I had a job interview once where I swear the sequence of events was designed to test my reactions.

      The manager had two people to interview, me and someone else. The interviewer came out 20 minutes past my scheduled time and said she was sorry, but she was delayed and would need another 15 minutes. When she came back out 20 minutes later, she spoke to the other candidate and then came to me and said that the other candidate (who was to be interviewed after me) had an appointment and would I mind waiting and

      • by creimer ( 824291 )
        I got stranded in a receptionist-less lobby of a busy biogenetic research company for 90 minutes. People kept coming and going, smiling at me in passing. The recruiter kept calling me everything 15 minutes to ask where the hell I was for this interview. Someone approached me and asked for my name. The hiring manager in a lab coat assumed that I was a venture capitalist because I wore a business suit and tie. After the interview and a tour of the labs, I met the CEO who was dressed in blue jeans and T-shirt.
  • by fahrbot-bot ( 874524 ) on Friday November 06, 2015 @04:03PM (#50879399)

    You can expect to spend lots of time diagramming data structures and talking about big O notation. Popular hits include "reverse a linked list in place," "balance a binary search tree," and "find the missing number in an array."

    Ya, I hate these kind of interview "tests". I and my brain don't work like that, solving specifics in detail on the spot.

    From TFA:

    Not long ago, Max Howell, the author of Homebrew (software that basically every engineer with a Mac uses), famously quipped about being rejected from Google after being unable to invert a binary tree.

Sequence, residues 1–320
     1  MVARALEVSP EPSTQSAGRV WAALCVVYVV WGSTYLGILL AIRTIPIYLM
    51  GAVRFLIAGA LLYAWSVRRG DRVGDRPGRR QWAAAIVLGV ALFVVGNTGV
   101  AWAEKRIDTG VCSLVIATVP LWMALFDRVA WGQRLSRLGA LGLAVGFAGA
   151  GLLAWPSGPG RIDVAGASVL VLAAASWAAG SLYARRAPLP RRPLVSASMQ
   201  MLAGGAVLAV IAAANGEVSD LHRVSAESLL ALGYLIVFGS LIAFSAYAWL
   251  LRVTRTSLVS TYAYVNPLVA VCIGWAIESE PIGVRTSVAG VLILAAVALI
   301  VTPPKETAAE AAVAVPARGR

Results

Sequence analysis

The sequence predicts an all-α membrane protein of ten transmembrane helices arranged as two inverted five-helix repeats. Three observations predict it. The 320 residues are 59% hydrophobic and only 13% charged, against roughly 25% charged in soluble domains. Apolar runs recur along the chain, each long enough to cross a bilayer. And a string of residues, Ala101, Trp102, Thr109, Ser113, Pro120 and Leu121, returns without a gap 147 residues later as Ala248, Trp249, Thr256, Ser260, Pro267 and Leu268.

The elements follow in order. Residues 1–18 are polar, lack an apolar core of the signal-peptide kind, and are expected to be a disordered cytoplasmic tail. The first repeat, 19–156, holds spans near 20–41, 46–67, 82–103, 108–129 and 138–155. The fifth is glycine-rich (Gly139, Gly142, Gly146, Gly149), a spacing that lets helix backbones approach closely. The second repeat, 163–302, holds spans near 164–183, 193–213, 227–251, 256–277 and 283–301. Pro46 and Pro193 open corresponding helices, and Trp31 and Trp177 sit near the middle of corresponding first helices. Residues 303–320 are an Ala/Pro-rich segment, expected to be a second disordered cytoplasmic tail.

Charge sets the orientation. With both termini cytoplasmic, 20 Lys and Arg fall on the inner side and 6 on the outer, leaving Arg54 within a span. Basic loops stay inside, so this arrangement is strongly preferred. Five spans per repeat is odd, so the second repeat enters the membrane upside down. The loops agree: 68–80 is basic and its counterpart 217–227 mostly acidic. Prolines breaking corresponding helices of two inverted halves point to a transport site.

Would probably be me too.

    Like it or not, a “Google-style” coding interview may stand between you and your dream job. So it’s in your best interest to learn how to beat it.

    Ya, my dream job is "independently wealthy", which I am -- or, at least, I'm debt-free and financially independent within my budget indefinitely, so I'm good to go. Of course, I'd give it all up to get my wife back - she died in 2006. (I had my dream and now she's only in my dreams...) In case anyone is wondering, I do still work - to support my teammates (who rely on me and need their jobs) and because I don't know what else to do.

    • Ya, my dream job is "independently wealthy", which I am -- or, at least, I'm debt-free and financially independent within my budget indefinitely, so I'm good to go. Of course, I'd give it all up to get my wife back - she died in 2006. (I had my dream and now she's only in my dreams...) In case anyone is wondering, I do still work - to support my teammates (who rely on me and need their jobs) and because I don't know what else to do.

      Sorry to hear that. You will always dream about her. Finding new purpose is hard. I know.